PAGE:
Distance Roundtrip: 10 miles RT
Elevation Gain: 4500 ft.
Highest Elevation: 8365 ft.
Location: South Cascades
Lettering Medium: Watercolor
Images taken with an iPhone6
My first mountain summit. Mt. St. Helens.
A few years ago I didn’t even know summiting volcanoes (other than Rainier) was a thing. Last year when I joined some outdoor groups it became quickly apparent of all the mountains waiting to be climbed. Discovering it too late in the season last year we didn’t have a chance to get permits (even on purmit.com) so I set my alarm for this year and snagged a group of them for Sunday, June 12, 2016.
Flash forward to this weekend, we packed up the car and drove to Portland to leave our pup with my in-laws then met our friends at the teeniest tiniest cabin you’ve ever laid your eyes on. At 9pm we crawled into our bunkbeds (yes Dustin didn’t fit) and fell asleep to the sound of the highway and dreams of mountains.
Our alarms went off at 3am and we anxiously got dressed and ready to beat first light. After signing the trailhead register and fixing our permits it was 4:30am and we were off for our first alpine ascent. We hiked in the dark for about an hour or so, chatting away to avoid unwanted encounters with wild animals.
The sun started to rise just as we caught our first glimpses of Mt. Adams and Mt. Hood. It was breathtaking. We were the only ones on the mountain (most folks start around 6am) and it was so peaceful.
We continued our climb, eventually making our way up the boulder field until we hit the snowline. Because it was so early, the snow was super firm and icy. We opted for donning our microspikes and climbing the snowfields. So much nicer and I think a bit quicker than scrambling up boulders and sliding on loose scree. The angles of the snowfields were steeper than anything the four of us had done before. The whole morning was just the crunching of our microspikes. And stopping way more than the boys liked to drool over Adams, Hood and Jefferson.
We avoided the scree/boulder field the rest of the way and kept to the snowfields to the summit. It got super windy near the top and thankfully the sun came out to counteract the windchill. I think wind is my least favorite element.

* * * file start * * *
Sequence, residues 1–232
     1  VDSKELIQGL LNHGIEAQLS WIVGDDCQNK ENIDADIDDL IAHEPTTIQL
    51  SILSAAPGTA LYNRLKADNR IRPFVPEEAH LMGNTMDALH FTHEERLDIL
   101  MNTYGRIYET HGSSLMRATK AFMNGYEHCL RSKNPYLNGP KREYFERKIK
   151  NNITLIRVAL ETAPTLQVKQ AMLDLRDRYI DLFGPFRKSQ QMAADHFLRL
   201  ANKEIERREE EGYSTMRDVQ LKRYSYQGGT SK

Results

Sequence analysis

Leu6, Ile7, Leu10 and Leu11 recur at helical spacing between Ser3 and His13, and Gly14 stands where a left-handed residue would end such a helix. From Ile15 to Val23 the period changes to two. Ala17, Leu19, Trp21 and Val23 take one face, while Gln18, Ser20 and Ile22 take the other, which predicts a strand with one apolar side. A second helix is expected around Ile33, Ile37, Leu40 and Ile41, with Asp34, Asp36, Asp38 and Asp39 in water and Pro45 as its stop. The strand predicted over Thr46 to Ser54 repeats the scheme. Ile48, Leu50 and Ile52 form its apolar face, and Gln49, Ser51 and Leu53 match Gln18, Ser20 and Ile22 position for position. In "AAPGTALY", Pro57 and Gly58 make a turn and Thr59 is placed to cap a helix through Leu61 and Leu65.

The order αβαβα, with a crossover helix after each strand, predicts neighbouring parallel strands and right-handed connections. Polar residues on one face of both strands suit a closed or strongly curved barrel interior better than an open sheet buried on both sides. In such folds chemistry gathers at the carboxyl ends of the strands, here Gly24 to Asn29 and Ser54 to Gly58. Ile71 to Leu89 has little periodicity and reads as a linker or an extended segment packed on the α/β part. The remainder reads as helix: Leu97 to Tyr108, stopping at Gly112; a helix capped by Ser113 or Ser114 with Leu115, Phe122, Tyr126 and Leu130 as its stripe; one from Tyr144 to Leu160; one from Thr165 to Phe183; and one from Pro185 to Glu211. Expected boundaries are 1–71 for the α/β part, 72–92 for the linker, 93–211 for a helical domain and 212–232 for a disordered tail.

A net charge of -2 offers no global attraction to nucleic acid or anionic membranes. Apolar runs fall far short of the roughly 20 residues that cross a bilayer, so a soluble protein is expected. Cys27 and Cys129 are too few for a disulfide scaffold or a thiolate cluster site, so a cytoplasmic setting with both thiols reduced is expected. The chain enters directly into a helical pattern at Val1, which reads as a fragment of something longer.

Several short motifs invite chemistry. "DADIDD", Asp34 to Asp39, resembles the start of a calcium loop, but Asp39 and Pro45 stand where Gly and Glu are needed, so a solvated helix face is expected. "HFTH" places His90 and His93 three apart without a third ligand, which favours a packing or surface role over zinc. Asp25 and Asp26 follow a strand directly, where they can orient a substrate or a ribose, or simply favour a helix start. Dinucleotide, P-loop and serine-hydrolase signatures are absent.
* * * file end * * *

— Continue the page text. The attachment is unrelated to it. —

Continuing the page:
Up and up we continued. Not another soul in sight.
That last mile was killer. The summit just teases. It looks so close. But with every step it feels so incredibly far away. At this point it was mostly a mental game and I had to force myself not to look up. Dustin with his long legs pushed on ahead of us and all I could see was his little dot.
We were the first group to arrive around 9am. It was incredible. A 360 view of Rainier, Adams, Jefferson and we think the Sisters popping up. At the top the wind miraculously disappeared and we lounged around, taking pictures, eating snacks and soaking in the summit views. The ledge of the crater is one big (and weakening) cornice so we stayed pretty far from the edge and stood on our tippy toes. It was so cool to see inside of the crater and watch the steam rising.
After almost an hour we started to see another group making their way up to the summit and decided now was a good time to start our descent. We were a little nervous about glissading with the snow so hard still and opted to start our descent on the boulder fields. Going down the boulder/scree fields was pretty terrible. More work than coming up. Eventually the snow started to warm up and we found some mini glissade chutes. Most of them are unusable with all the exposed rocks. None of us had ever glissaded before so I was definitely nervous to try it. It ended up being a lot of fun and a thousand times better than slipping on scree or soggy snow. There were a few places where glissading was unsafe and we had to (miserably) slow side step down the hill. There’s no doubt about it. Going down sucks. Any chance we could we glissaded and it’s basically my new favorite thing. Well except the last chute where I semi-wiped out. Need to work on my control skills.
After some more knee numbing boulder fields we made our way into the woods. We continued the last flat couple miles to the car reflecting on what an amazing day it had been and how fortunate we were to get this weather window. We arrived at the car — a lot more sweat, a little less energy but all smiles. It was a great day.